Sudan, the last male northern white rhinoceros, died March 19, 2018 in Kenya at the age of 45. The majestic giant’s death follows multiple infections and other health problems. 
The elderly rhino was euthanized after his condition “worsened significantly” and the animal could no longer stand. At time of his death, his muscles and bones had degenerated, and his skin was covered in wounds. 
Only 2 northern white rhinos remain – 2 females, Sudan’s daughter, Najin, and his granddaughter, Fatu. Both reside at Ol Pejeta Conservancy, where Sudan spent his last days. 
Scientists are scrambling to develop new reproductive technology to save the species, which has been hunted to near-extinction.
Thomas Hildebrandt, head of reproductive management at the Leibniz Institute for Zoo and Wildlife Research in Berlin and one of the project’s leaders, said:
“This is a creation that didn’t fail in evolution. It’s in this situation because of us.”
In 1960, the northern white rhinos, a subspecies of southern white rhinos, numbered approximately 2,000.
By 2008, scientists were struggling to locate northern white rhinos in the wild, all of them having been killed by war, habitat loss, and poaching. However, Sudan and several other rhinos still existed in zoos around the world.
Many animal rights activists and animal lovers in general bemoan the fact that wild animals are kept captive in the unnatural living spaces of zoos to live out their lives before a captive human audience. In the case of Sudan, however, captivity was his saving grace. It seems captivity may be the only thing that saves the species, if it is still possible.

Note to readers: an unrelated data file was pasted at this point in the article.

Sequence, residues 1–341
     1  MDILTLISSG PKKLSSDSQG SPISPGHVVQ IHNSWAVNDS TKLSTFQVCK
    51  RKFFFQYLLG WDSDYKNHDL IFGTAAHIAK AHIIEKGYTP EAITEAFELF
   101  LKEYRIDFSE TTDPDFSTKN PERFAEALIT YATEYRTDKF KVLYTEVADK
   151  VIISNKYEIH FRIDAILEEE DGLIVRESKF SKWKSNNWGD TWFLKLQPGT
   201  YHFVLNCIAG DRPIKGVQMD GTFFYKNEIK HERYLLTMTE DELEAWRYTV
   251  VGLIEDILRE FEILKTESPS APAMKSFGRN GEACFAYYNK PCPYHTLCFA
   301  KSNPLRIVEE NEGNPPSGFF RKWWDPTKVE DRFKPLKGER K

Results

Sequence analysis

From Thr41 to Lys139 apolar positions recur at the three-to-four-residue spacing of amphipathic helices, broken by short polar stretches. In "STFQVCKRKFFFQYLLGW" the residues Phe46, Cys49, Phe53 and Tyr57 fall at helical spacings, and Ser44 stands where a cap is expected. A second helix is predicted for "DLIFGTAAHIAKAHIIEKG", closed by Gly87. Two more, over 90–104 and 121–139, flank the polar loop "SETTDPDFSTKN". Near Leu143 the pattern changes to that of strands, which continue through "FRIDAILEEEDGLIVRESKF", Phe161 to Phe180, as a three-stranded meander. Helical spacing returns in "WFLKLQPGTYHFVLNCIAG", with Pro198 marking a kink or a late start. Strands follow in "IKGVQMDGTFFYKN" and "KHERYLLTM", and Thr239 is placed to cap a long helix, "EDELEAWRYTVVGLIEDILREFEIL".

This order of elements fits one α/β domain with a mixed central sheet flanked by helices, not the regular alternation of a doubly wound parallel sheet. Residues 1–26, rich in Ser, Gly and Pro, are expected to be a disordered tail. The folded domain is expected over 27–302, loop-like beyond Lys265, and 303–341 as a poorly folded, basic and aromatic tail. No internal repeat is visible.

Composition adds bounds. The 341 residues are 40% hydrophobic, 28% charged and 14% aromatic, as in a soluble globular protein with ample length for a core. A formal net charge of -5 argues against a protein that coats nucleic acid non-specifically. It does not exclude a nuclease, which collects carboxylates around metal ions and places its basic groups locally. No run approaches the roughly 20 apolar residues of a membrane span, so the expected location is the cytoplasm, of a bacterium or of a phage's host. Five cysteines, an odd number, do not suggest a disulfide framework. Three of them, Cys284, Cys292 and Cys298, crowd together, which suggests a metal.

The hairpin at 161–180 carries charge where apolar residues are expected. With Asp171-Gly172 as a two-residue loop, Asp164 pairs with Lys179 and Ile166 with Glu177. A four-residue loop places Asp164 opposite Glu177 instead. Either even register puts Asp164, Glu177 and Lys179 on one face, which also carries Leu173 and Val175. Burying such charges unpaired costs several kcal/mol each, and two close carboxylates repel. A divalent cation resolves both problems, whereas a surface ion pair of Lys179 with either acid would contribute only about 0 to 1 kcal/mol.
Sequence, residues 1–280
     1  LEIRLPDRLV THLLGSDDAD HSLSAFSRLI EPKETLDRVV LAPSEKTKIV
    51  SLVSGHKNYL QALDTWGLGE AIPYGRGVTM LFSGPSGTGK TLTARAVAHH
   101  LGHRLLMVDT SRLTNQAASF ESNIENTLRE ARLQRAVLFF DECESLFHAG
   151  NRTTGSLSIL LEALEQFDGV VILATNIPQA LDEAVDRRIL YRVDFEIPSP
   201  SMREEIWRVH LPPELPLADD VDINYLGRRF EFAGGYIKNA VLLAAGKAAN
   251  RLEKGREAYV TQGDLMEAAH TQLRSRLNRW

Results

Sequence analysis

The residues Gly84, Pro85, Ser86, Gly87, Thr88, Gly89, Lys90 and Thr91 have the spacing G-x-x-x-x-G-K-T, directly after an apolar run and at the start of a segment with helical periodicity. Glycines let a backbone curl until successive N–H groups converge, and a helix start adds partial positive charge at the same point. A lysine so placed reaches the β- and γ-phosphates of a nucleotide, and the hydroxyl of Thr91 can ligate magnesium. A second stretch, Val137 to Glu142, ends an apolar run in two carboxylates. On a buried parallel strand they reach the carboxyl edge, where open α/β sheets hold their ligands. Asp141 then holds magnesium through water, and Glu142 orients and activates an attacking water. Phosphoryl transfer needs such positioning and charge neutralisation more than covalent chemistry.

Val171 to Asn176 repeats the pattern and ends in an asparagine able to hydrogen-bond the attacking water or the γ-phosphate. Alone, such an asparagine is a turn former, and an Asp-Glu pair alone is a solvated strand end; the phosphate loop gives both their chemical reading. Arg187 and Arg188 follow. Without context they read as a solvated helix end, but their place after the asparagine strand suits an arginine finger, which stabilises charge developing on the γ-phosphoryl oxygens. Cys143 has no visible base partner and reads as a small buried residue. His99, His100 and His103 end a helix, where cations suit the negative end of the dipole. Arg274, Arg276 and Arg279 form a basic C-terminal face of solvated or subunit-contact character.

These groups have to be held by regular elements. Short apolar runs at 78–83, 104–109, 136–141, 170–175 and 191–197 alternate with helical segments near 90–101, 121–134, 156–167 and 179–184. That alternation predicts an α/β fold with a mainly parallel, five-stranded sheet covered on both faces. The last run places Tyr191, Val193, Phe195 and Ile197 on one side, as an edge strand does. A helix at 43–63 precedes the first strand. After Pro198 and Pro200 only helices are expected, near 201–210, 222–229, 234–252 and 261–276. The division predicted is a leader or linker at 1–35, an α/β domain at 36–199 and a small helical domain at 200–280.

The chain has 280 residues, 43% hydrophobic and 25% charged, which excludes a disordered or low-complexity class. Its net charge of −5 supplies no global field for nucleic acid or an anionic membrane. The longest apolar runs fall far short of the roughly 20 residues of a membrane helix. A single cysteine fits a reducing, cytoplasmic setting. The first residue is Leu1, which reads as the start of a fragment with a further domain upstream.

Jan Stejskal, director of international projects at the Dvur Kralove Zoo in the Czech Republic, where Sudan spent most of his life, said:
“Sudan is an extreme symbol of human disregard for nature. He survived extinction of his kind in the wild only thanks to living in a zoo.”
“We must take advantage of the unique situation in which cellular technologies are utilized for conservation of critically endangered species. It may sound unbelievable, but thanks to the newly developed techniques even Sudan could still have an offspring. We will be happy for everyone who will help us in our joint effort.” 
Indeed, the race is on to breed Sudan’s daughter and granddaughter, a feat that can only be accomplished through in-vitro fertilization using northern white rhino sperm from several males not related to the pair. Since neither Najin or Fatu is able to carry a pregnancy to term, scientists are hoping to extract the mother-daughter duo’s eggs; fertilize the eggs in vitro with banked sperm; and then implant the embryos in surrogate southern white rhino females. 
It’s a dicey plan; in-vitro fertilization has never worked in a rhino before. Even if scientists are successful, the resulting offspring will be dangerously lacking in genetic diversity.
But there is hope. There are currently about 20,000 southern white rhinos roaming Africa – an encouraging increase from the less than 100 living in the area a century ago. The species was saved by the efforts of conservationist Ian Player in the mid-20th century. 
Ol Pejeta Conservancy CEO, Richard Vigne, said of the late, great Sudan:
“He was a great ambassador for his species and will be remembered for the work he did to raise awareness globally of the plight facing not only rhinos, but also the many thousands of other species facing extinction as a result of unsustainable human activity.”